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The Art of Being a Good Teammate

By Megan Flottorp

As any athlete in a team sport knows, the relationships between teammates are unlike any other. Aside from sharing a common passion, you don’t get to pick anything else about these people who make up such a big part of your life. Personalities of all types must exist together through long training sessions, sleepless nights in noisy hotels, endless travel days hampered further by broken air conditioners and traffic jams, and also – some of the most thrilling racing and emotionally intense moments of their lives.

Being a good teammate is about being able to sacrifice for the good of the whole, and that rings especially true for women’s cycling. In addition to less than ideal conditions at many races, lower sponsor support, and a relentless training schedule, these women have to compartmentalize frustrations about inequality within the sport to focus on working together and doing what they love. Especially for young riders, navigating the dynamics of team life can be a big obstacle to overcome. To better understand, we spoke to two riders from Maaslandster International Women’s Cycling Team about what it takes to make a team work.

Maaslandster International Women’s Cycling Team

It takes humility to succeed

Amy Hill, who is 23 and has been racing competitively for almost a decade, learned the number one rule at a young age. She told us that “you have to be willing to do anything for that lead rider, without giving it a second thought.” As most of the tactical decisions in road racing stem from leveraging the effect of wind resistance to increase the overall speed of the group, no one can be in pursuit of personal glory. Communication is also key, and Hill explained that “if you are in the lead, you need to tell your teammates how you’re feeling without shouting when all they are trying to do is help.” And as always, the golden rule applies, “you realise that how you treat your teammates, is how you will be treated in return,” she readily admits.

It requires a lot of mental discipline

In addition to the rigorous physical training, that kind of flawless communication takes serious brain power. One of the most important lessons for Bronwyn MacGregor, who also rides for Maaslandster, was that you “need to work on your mental ability in order to make sure you are prepared for the various ups and downs that inevitably come with the sport.” You can’t be there for your teammates if you’re letting every upset get under your skin.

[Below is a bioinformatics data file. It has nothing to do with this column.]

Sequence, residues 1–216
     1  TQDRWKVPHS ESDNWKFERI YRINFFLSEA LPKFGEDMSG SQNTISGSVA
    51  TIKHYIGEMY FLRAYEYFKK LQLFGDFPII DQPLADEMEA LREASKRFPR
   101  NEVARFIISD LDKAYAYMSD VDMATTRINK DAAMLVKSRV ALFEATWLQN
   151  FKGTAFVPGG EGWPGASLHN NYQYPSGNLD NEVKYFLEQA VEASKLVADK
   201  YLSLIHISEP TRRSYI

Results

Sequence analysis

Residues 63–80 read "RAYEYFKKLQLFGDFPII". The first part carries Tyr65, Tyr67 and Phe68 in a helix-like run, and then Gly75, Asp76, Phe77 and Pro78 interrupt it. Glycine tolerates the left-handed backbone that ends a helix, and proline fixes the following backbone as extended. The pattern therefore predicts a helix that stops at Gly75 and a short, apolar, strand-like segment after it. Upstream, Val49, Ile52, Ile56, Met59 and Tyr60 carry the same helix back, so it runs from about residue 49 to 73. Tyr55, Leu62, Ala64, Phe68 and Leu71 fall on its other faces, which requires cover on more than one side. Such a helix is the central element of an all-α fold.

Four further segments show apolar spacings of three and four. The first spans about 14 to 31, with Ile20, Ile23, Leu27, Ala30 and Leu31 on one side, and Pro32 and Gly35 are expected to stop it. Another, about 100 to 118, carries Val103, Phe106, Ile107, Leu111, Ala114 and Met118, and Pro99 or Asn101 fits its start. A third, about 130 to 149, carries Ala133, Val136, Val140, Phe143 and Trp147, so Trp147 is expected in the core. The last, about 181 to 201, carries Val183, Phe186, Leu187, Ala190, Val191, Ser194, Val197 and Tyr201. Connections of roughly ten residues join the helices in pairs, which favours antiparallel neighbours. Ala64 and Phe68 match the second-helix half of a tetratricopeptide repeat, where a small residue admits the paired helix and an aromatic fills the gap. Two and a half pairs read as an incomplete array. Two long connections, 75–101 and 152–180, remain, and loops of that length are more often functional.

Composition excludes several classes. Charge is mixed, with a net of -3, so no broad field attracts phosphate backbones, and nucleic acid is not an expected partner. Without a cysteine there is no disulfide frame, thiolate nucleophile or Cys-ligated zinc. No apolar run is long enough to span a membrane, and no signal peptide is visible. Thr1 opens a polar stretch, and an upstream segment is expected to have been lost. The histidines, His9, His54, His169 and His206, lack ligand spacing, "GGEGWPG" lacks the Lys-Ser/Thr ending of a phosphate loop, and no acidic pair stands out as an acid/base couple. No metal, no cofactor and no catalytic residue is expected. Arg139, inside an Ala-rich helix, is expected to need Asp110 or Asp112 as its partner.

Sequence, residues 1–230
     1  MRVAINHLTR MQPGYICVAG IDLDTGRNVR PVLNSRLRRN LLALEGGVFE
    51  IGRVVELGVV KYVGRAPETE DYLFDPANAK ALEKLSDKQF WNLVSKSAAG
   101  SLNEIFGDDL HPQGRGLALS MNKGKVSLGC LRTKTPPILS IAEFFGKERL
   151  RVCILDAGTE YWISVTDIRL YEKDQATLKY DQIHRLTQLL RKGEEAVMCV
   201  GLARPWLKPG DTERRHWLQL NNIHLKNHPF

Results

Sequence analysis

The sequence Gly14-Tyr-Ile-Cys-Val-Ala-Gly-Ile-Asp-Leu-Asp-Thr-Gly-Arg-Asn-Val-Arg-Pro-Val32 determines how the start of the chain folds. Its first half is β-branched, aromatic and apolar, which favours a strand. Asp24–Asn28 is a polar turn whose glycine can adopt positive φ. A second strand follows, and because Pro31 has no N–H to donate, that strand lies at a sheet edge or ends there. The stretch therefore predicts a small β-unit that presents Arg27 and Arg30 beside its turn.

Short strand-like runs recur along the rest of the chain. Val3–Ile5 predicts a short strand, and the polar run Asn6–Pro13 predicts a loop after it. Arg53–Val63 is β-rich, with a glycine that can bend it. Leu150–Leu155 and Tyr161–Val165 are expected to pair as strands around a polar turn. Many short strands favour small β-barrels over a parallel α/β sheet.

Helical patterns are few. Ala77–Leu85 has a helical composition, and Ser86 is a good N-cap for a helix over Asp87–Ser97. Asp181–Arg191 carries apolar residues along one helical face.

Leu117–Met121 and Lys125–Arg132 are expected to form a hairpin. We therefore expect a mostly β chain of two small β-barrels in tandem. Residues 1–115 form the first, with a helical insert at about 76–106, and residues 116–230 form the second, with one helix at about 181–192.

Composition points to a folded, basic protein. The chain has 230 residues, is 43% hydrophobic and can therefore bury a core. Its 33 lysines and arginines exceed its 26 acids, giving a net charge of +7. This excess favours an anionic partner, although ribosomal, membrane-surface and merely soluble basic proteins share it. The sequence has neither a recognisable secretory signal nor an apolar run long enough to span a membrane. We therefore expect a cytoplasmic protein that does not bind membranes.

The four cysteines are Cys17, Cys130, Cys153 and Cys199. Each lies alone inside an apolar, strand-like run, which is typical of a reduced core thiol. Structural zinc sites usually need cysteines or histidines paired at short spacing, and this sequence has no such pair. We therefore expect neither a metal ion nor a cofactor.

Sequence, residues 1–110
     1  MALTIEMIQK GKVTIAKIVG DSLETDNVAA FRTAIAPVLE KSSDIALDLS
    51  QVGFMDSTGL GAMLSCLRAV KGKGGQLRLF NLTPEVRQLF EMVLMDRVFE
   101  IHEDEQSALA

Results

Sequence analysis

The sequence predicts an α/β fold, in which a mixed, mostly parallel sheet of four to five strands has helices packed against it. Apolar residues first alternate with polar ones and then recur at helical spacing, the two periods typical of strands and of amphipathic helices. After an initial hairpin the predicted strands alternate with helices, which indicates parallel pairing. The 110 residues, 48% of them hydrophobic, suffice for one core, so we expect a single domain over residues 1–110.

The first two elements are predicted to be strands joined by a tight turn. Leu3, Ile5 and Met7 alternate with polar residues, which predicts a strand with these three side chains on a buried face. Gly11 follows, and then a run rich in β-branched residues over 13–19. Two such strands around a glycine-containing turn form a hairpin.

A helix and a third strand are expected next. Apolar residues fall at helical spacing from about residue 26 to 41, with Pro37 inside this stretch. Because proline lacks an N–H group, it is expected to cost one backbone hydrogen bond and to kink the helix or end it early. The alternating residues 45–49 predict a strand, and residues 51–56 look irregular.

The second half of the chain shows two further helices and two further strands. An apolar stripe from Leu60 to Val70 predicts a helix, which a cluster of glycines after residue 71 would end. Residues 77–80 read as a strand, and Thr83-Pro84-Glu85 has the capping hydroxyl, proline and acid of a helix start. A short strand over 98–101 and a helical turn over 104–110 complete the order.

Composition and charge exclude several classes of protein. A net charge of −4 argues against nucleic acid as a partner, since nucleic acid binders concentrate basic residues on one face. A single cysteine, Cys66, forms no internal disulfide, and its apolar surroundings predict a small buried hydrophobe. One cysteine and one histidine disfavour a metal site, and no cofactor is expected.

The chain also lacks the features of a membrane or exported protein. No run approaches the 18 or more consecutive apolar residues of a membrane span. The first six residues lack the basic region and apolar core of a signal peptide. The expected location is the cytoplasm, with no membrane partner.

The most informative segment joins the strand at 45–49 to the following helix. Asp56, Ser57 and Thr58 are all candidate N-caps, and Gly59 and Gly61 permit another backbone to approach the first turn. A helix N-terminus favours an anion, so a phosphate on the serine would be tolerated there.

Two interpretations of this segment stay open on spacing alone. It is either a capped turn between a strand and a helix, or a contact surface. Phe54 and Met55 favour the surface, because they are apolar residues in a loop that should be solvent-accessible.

A teammate doesn’t have to be a friend

Part of this process is acknowledging that you probably won’t become friends with everyone on your team. Compromise plays a big role and you have to pick your battles, especially when you’re living with teammates you might struggle to get along with. Hill explained that, “having lived with some difficult teammates in the past, I’ve realized that in some situations – it is best to just bite your tongue. With many riders living away from their family for the first time when joining a team, Hill acknowledges that it’s important to be understanding, “everyone was brought up differently and doesn’t follow the same rules.”

Be comfortable being a teacher and a student

MacGregor, who describes herself as a “peacekeeper” among the group, explained that being there for everyone can take a toll. That being said, she believes it is important to do more than just tolerate, because when a team really coalesces – all riders will have the largest learning opportunity. In describing how she helped out a teammate with her climbing in exchange for guidance when it came to sprints, MacGregor explained that being on a team is about helping each other develop not just as riders, but as people.

© Profimedia, Alamy

At the end of the day, it’s worth it

When asked about whether her teammates have made her a better person, Hill replied with an enthusiastic “yes, even the ones I found very difficult. We help each other, and I’ve learned how to deal with different personalities.” MacGregor agreed, explaining that the best part of being on a team is the ability to share collective accomplishment and meet other incredible women: “The best is when you achieve something together and you know you have played a part in attaining that goal. I have also made amazing friends and gotten opportunities from girls on the team that I never would have had otherwise.”

We’re glad to hear these women are sticking together. As Hill nicely summarized, “there is a progression in the promotion of women’s cycling and it is becoming more equal. But women need to understand that it won’t change overnight, but we will get there, there are people who want to help and people who want to watch.”